Posted on 3/9/2020


Situated on a barrier island, smack dab in the middle of the East Coast, lies a melting pot of flavors. Attracting hundreds of thousands of visitors from all over the world every year, the Outer Banks has landed a spot in foodie heaven. Weve drawn in the likes of Guy Fieri, Food Network features, and so much more. Nestled between the sea, sounds, and sprawling farmlands allots for the ultimate fresh, homegrown flavors. Our roots run deep with southern tradition, and that, in combination with multi-cultured tourist influence, have given this sandbar some bites worth writing home about.

Truthfully, its nearly impossible to fully encompass thetotal flavor of this beach in a 10-item list, but well shorely try!

Hatteras Clam Chowder

The winters on this barrier can be understandably cold, windy, and wearing as storms sweep over our coast. For hundreds of years, our beach-dwellers have found warmth and nutrition in our hearty chowder. Certainly, youve heard of clam chowders, probably with varying descriptors. But were talking good ole fashioned Hatteras Chowder. Recipes passed down for generations finding their way into our soupspoons today.

This isnt your New England chowdah based in heavy creams, or Manhattan tomato-based chowder. This is simplicity and this is tradition. Nix the cream, the tomato, and the anything-that-will-detract-from-the-clams. The focus on this chowder is the locally loved mollusks. In this area we harvest Little Neck Clams, which are known for their sweetness and tenderness.

Why does traditional Hatteras Chowder forgo cream andtomatoes? Historically, it was just not realistic. The sandbar wasnt fertileenough for an abundance of grazing animals like dairy cows. Milk and cream wasscarcely, if ever, available. It is a similar story for tomatoes as well, theywere not frequently found in the area. Take into consideration thatrefrigeration was also not a commonplace - as this area was the states poorestregion. Not to mention, the watermen who fueled up on chowder, didnt needheavy creams bogging them down. Due to lack of facilities, staying healthy wasvery important, and this chowder is perhaps the healthiest of all 3 styles.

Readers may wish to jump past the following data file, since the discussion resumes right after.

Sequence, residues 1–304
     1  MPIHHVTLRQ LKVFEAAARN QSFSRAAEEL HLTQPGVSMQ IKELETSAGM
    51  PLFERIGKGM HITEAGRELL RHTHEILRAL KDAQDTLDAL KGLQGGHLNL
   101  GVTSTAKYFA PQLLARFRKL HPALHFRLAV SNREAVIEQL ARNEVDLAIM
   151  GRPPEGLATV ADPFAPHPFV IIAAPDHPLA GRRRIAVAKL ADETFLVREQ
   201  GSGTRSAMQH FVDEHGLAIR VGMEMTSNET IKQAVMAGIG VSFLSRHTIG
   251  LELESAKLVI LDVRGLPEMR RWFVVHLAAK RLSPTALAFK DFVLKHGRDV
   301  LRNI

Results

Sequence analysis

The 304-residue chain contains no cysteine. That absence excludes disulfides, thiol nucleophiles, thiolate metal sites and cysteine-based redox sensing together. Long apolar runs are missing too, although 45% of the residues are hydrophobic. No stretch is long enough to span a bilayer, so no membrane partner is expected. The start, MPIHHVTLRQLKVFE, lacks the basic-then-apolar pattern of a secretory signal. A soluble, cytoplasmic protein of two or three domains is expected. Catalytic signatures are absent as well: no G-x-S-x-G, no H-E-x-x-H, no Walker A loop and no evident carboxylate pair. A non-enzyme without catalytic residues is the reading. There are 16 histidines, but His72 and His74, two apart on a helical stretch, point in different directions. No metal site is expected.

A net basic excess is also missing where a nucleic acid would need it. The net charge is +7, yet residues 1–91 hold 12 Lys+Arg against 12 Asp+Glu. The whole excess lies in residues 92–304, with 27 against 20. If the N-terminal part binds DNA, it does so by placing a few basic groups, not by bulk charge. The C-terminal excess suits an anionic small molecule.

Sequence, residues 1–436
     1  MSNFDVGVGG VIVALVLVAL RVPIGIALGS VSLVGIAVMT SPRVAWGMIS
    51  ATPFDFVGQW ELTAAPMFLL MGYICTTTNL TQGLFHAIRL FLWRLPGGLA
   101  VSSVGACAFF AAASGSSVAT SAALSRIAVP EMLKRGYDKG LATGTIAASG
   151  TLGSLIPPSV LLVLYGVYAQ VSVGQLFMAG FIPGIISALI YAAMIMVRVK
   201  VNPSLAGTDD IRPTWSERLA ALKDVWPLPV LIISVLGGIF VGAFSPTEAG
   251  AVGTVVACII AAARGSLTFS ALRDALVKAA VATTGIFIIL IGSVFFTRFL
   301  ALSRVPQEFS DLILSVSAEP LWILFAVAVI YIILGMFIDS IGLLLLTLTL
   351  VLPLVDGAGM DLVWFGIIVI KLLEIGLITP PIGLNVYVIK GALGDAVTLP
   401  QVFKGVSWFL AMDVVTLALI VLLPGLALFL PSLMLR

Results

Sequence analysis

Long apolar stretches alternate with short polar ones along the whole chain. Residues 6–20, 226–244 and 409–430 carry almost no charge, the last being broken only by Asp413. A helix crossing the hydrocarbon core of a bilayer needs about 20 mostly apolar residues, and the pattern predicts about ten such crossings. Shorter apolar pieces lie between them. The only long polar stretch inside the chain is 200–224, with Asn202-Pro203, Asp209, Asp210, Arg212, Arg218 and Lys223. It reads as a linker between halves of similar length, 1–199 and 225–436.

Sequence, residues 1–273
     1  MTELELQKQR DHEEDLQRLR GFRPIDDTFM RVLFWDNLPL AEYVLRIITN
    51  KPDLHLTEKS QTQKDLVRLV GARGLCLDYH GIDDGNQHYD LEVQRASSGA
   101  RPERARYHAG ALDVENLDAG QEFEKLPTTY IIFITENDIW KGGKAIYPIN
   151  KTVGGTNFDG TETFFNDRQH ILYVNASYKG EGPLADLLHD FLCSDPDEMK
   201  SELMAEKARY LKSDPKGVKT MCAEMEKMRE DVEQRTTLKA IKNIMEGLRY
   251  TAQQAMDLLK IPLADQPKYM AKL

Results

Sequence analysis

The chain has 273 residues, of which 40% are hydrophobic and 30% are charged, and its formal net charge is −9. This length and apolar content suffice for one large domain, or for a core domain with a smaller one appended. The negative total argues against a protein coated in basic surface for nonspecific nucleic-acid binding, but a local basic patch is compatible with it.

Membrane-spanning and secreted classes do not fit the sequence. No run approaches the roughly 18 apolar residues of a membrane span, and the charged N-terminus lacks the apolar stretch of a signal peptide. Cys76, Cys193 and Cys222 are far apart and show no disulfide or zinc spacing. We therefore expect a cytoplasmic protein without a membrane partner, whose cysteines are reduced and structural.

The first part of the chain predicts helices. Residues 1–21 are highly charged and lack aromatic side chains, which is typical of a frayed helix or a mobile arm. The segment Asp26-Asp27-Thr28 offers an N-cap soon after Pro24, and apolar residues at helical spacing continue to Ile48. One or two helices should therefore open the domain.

Whatever was available at the time is what went in thechowder. Clams were, and still are, easy to harvest on the beach and let metell you, this chowder is chock full of them. Potatoes, onions, and salted pork(bacon) could be amassed in bulk. In the pot they went, boiling down in clamjuice and deliciousness. Finish off with some pepper for seasoning and, voilà;Traditional Hatteras Chowder is ready for eating. Today, many will add theirown spices and personal flairs to this salty and modest recipe.


Anyway ya can get em - raw, roasted, Rockefeller. Though they do have a season, they can still be found year-round in OBX restaurants. Harvested similarly to the aforementioned clams, oysters and their beautiful shells are ubiquitous in this area. If you find an oyster, shuck it open, and find a tiny crab, then congratulations! You just found yourself some good luck! Folklore suggests the fortune of finding such an oyster. The juvenile crab has sought out the oyster for protection, and has called its shell home.

These mollusks are harvested from the soundside of the islands in the brackish, shallower waters. Each bay will give way to different levels of brine, saltiness, and size. Whats your favorite way to take in the flavors?

Oyster Shooters